There are so many websites and social media tools out there but you don’t have to be on them all, however you should place your content where there is an audience. Erica mentions that she’s not a huge Facebook fan but she keeps profiles alive and updated because there are people on there who will flow through that profile and end up where you want them: on your website.
Monica mentions that you don’t need to be paranoid about sharing information online, “we’re not perfect and that’s the beauty of [sharing].” Carol brings up the characters of the series Mad Men who are on Twitter and how creating online profiles for characters in film, TV, theatre etc. can really be beneficial when interacting with your audience beyond the screen or stage. “It’s really important to work ethically within that space,” notes Erica because there does need to be transparency and there should be engagement. “You can actually start your shows up online to build an audience before they even launch.”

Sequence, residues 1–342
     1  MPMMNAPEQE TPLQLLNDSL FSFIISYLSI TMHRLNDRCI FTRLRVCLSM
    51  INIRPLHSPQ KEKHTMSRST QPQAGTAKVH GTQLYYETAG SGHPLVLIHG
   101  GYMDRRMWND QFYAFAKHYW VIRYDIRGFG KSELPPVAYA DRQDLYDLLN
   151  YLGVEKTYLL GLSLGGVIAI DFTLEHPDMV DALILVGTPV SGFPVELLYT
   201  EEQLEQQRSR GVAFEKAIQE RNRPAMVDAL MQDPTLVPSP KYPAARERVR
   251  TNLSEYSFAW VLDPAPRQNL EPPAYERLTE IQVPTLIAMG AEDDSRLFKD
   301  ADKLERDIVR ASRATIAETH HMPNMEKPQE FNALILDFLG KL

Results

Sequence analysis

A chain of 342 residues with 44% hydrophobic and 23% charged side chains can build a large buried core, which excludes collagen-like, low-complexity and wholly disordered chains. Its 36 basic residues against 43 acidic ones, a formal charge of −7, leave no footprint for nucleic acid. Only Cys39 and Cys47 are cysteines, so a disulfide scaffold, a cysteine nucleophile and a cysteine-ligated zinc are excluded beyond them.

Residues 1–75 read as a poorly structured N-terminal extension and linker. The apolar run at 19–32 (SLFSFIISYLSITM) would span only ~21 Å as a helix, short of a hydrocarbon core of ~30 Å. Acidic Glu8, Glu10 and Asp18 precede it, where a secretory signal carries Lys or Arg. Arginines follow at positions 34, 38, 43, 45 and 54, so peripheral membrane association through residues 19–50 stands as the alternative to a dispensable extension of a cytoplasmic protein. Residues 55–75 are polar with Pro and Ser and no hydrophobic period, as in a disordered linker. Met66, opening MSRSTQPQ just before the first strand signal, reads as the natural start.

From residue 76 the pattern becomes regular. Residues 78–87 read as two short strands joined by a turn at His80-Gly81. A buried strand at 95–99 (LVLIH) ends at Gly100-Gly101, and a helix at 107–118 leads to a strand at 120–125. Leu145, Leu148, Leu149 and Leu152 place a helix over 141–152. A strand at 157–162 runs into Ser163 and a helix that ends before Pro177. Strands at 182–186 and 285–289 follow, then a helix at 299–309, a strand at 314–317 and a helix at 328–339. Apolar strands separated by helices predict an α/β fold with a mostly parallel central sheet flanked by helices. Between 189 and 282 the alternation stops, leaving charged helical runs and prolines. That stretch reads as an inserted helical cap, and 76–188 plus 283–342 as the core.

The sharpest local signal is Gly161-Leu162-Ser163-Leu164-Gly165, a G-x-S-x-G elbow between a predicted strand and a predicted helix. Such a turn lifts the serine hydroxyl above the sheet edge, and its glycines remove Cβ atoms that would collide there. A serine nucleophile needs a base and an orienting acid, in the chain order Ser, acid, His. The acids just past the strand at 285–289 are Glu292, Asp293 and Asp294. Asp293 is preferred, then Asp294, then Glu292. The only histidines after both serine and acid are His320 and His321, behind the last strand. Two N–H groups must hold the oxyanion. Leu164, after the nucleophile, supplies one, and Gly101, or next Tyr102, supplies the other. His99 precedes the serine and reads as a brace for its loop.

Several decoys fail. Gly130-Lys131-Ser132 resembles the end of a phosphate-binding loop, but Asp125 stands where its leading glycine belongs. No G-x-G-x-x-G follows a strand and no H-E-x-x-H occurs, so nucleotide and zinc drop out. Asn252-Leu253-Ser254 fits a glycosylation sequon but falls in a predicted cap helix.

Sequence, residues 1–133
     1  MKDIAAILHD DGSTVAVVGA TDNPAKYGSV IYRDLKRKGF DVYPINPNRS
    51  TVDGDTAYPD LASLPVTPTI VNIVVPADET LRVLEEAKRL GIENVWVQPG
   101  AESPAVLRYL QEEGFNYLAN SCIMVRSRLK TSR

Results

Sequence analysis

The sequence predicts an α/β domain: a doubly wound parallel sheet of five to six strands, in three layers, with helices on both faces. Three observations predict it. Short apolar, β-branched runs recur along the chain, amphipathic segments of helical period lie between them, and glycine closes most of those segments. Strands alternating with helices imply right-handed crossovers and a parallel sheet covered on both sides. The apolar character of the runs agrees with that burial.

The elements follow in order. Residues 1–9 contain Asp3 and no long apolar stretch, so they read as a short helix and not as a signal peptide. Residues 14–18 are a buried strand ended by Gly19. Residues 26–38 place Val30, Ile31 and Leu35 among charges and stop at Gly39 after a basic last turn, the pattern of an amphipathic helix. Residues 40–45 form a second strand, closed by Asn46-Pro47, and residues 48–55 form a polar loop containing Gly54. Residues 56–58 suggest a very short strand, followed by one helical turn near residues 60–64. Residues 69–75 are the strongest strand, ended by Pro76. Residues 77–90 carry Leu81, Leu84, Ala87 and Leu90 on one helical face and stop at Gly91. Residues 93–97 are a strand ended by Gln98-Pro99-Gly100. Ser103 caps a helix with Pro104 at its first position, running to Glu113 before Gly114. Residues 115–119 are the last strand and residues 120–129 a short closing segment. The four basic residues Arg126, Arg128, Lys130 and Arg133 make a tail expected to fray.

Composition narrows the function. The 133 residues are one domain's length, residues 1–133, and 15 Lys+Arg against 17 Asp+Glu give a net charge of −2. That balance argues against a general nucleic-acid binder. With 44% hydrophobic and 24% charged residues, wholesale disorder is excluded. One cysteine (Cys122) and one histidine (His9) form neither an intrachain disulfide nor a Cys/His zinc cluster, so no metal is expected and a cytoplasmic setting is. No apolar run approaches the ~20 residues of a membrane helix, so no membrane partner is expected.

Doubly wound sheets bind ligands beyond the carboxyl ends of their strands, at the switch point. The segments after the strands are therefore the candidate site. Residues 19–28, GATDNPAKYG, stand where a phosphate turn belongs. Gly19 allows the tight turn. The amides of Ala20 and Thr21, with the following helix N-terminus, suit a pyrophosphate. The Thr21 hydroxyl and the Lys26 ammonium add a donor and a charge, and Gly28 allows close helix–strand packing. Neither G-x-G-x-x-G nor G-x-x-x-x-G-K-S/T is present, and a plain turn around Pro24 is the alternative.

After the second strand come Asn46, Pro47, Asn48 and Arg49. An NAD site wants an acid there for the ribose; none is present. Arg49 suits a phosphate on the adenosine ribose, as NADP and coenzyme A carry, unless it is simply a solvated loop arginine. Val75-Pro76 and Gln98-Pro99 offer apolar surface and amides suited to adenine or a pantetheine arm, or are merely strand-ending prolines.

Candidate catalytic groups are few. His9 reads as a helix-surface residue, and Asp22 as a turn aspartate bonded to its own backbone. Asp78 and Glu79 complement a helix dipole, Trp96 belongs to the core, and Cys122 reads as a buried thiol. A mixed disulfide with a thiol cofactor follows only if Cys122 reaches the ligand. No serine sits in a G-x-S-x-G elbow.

We took a quick lunch break and ran into two interesting women on our way back. One was from the Whistler Film Festival and the other was Alison Reid, the Director of tonight’s opening night film presentation: The Baby Formula. Both were curious about how they can find the time, people, and resources to start social media campaigns for their films and projects. Having covered several film festivals and done a handful of movie promotions on my site I could offer some tips but I think campaigns and strategies need to go far beyond blogger relations (and I’d be happy to help with those as well).
Coming up this afternoon:
Emerging Trends and Technology
Panelists: Thecla Schiphorst, Jean Hebert, James Eberhardt, Shannon McKarney
Moderator: Jennifer Ouano
Monetizing Your Content
Panelists: Bradley Shende, Maura Rodgers, Amielle Lake, Rochelle Grayson
Moderator: Tracey Friesen
There will also be an “Applications” demo zone with: Strutta, tagga, HootSuite, Overlay.tv, QuickMobile, memelabs, work[at]play.
As well as some exhibitions:
â€œEgg Cinemaâ€ – Angela Smailes
â€œTongue Talesâ€ – Tassia Poynter & Sharon Lee
â€œI Know a Placeâ€ – Maia Iotzova
â€œFluxusâ€ & â€œMordantâ€ – Karin Schmidlin
â€œMurmur Videoâ€ – Maayan Cohen
â€œLost Causeâ€ – Kirsten Johnson
â€œGraffiti Wallâ€ – Alex Beim
â€œDonâ€™t Stopâ€ – Julie Gendron
â€œGrafik Dynamoâ€ – Kate Armstrong & Michael Tippett
I won’t be writing about the panels this afternoon as I have to do my weekly segment with Talk1410 followed by a quick interview for the Vancouver Opera’s blogging series, however I will be back to cover the reception this evening that is filled with interactive exhibits (and beer, thanks to Molson).